Unlike many others who were anticipating this book for months, I just found it last week at a local bookstore in Malaysia. As an avid lover of Russian and Kazakh culture, the cover of this novel caught me eye. I instantly knew it was Saint Petersburg, and after reading the summary on the back, I knew I had to buy this book. After reading it, I was a slightly disappointed. I love how Skye chose to use Imperial Russia as the setting of the book, and how the characters have authentic Russian names and surnames. I especially appreciate how Nikolai and Aizhana were Kazakh. Most people don't know the first thing about Kazakh culture, so I was very happy when she created Kazakh characters. And now onto the actual story itself. For the most part, I enjoyed it. It was great. The magic was intriguing. The idea of all of Russia's magic being split between two enchanters was cool. What I did NOT like was how shallow some of the characters were, like Vika and Yuliana. I wish Skye would have expanded on these characters, especially Vika, being a main protagonist in the novel. I would also have liked to learn more of Vika's past, as Nikolai's was explained pretty much in depth (he's from the Kazakh steppe, his mother was Aizhana, his father the Tsar, etc…). The first 3/4 of the book were pretty boring, honestly. I mean, c'mon Vika and Nikolai! You're in a death battle! Show some more urgency! Like do you really not want the position as Imperial Enchanter? There wasn't much action going on until the last 50-100 pages or so of the book. The only thing that kept me interested while Vika, Nikolai, and Pasha tried to solve their love triangle problem was Aizhana. She is one helluva character. She kept me at the edge of my seat when the main characters' problems were boring me. She's menacing, mysterious; everything I love about a villain (if she counts as one, that is). Plus, by "Crown's Game", I thought the magic they would use would be more intense. Not coloring the Neva River or painting buildings in Saint Petersburg (though the dream benches idea was very creative). Like I said, it's a death battle. The ending genuinely surprised me. I really enjoyed that part, and it left me wondering what will happen in the novel to come. So, in general, pretty good book. If you like romance, love triangles, and magic: this is the book for you. Just be prepared for some mellow parts.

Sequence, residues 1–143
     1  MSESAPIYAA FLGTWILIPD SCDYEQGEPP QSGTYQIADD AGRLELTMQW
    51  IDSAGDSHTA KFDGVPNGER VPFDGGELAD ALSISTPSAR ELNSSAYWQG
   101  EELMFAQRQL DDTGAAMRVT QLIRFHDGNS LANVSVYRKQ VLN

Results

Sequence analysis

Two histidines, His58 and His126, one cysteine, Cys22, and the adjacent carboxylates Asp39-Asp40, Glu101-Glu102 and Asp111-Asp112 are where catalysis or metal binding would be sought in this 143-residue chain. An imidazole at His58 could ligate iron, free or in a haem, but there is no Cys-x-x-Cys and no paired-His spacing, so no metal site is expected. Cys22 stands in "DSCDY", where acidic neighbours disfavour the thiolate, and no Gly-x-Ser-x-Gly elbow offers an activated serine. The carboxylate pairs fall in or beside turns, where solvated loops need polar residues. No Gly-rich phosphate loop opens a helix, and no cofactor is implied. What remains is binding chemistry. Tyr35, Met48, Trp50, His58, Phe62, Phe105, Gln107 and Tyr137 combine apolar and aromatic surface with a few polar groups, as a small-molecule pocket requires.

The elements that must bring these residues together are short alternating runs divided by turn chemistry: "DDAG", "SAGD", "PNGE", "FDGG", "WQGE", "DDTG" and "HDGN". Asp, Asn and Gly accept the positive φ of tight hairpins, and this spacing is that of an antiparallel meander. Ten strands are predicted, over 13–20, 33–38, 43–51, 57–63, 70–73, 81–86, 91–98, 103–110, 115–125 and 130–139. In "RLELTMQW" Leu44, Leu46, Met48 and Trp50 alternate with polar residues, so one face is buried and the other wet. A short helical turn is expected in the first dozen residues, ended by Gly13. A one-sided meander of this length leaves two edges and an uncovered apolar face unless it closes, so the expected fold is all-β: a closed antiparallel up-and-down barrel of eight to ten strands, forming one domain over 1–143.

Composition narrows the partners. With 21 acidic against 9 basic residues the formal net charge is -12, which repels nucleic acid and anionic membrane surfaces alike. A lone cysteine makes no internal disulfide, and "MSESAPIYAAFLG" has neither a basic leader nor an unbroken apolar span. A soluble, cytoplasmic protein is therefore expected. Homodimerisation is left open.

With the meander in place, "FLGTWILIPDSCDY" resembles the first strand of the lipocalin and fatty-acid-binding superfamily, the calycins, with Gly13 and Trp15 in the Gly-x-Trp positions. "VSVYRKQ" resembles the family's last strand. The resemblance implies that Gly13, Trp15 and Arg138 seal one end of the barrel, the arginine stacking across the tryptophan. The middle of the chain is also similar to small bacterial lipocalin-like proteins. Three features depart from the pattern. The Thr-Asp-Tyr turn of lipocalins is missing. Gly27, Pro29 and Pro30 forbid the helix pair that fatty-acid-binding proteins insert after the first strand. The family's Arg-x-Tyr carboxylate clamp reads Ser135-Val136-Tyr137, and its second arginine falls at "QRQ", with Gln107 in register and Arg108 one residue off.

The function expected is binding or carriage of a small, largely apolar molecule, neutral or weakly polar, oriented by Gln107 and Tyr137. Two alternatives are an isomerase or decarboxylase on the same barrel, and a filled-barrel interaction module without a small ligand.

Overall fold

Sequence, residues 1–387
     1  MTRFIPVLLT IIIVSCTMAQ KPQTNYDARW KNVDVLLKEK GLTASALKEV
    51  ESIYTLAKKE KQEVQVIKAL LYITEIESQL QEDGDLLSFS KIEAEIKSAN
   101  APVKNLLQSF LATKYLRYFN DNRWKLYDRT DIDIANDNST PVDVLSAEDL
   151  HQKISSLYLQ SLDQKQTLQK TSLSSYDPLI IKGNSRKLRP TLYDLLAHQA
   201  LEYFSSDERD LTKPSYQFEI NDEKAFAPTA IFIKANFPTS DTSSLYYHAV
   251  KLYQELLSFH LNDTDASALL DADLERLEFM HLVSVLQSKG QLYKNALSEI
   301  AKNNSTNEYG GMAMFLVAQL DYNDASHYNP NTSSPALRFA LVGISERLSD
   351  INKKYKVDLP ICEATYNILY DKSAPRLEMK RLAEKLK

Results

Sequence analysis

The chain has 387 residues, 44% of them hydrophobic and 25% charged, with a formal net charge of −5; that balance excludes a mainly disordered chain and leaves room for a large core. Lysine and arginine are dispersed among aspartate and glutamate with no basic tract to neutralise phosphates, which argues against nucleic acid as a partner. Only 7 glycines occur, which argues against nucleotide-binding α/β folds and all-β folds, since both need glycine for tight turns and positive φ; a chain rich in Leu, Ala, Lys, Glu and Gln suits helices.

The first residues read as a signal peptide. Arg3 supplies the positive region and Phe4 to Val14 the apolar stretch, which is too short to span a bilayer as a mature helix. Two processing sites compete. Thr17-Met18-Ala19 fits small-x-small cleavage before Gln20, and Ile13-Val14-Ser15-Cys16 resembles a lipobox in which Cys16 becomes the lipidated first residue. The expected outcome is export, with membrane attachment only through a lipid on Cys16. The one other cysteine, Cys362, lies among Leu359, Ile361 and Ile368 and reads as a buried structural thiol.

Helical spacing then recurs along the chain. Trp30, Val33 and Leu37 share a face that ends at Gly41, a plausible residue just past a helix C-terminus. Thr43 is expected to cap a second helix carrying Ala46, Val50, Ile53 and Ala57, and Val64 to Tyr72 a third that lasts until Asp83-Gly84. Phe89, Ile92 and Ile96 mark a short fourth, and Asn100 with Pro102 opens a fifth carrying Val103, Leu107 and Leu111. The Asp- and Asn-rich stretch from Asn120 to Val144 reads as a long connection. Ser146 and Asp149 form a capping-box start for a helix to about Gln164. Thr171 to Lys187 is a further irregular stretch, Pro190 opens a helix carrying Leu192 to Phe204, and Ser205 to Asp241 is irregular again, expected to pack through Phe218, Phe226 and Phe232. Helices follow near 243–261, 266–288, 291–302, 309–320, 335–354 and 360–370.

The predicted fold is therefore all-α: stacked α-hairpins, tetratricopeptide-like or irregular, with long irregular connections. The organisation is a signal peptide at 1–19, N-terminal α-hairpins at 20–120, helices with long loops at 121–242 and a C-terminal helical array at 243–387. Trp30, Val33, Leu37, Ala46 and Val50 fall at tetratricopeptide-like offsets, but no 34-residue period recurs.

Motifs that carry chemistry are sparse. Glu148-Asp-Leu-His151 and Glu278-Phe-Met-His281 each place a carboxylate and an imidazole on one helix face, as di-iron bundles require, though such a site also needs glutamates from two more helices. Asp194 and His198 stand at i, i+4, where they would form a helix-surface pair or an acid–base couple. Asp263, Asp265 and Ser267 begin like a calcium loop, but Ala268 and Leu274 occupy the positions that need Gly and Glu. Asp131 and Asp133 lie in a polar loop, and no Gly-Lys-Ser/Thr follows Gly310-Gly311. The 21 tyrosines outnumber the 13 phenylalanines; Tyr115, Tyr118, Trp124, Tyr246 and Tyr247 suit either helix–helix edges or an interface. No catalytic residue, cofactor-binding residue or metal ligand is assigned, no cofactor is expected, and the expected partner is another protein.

Lena_Book_Club More than 1 year ago
I think Evelyn Skye has written a mystifying, exciting, knock-your-boots-off, and crazy-fantwesome debut novel! I loved every second of this book, and I need the sequel right now! The Crown’s Game has multiple character perspectives, which I enjoyed because it kept the plot moving at a fast pace. Vika, and Nikolai are the enchanters. They both use their magic in unique ways that it was hard to compare who had more power. Vika was much more attuned to nature, and Nikolai to metropolitan influences (clocks, buildings, etc.). Pasha is Nikolai's best friend and also happens to be the crown prince of Russia. Pasha really cares for the people of Russia, but his father and Tsar, and his sister, Yuliana, think he’s too soft. There are several other interesting characters that I liked too- here’s a link to Evelyn Skye’s Characters Page ([...]) to learn more about her characters. I did wish that we had a couple more chapters from Yuliana's perspective, only because I really liked her manipulative personality. I love the magic and the “Crown’s Game”. I don’t think I have ever seen this type of magic in any book that I have read, which is why I loved this book so much! The different moves that both Nikolai and Vika make during the Game are so inspiring and pretty much struck awe in everyone’s heart, including the reader’s. This book kept me on my toes, but there were some times that I did semi-predict what would happen in the plot. However, I am glad to say that I was surprised at how the book ended. (ALL THE FEELS PEOPLE…all the feels.) Evelyn has created an innovative world with magic, and it all takes place in Russia! With incredible enchanters, and an adorable prince, you don’t want to miss out on this book! So go get it! Seriously though, it’s one of the best books of 2016! (as you can tell with all of my exclamation points… :P)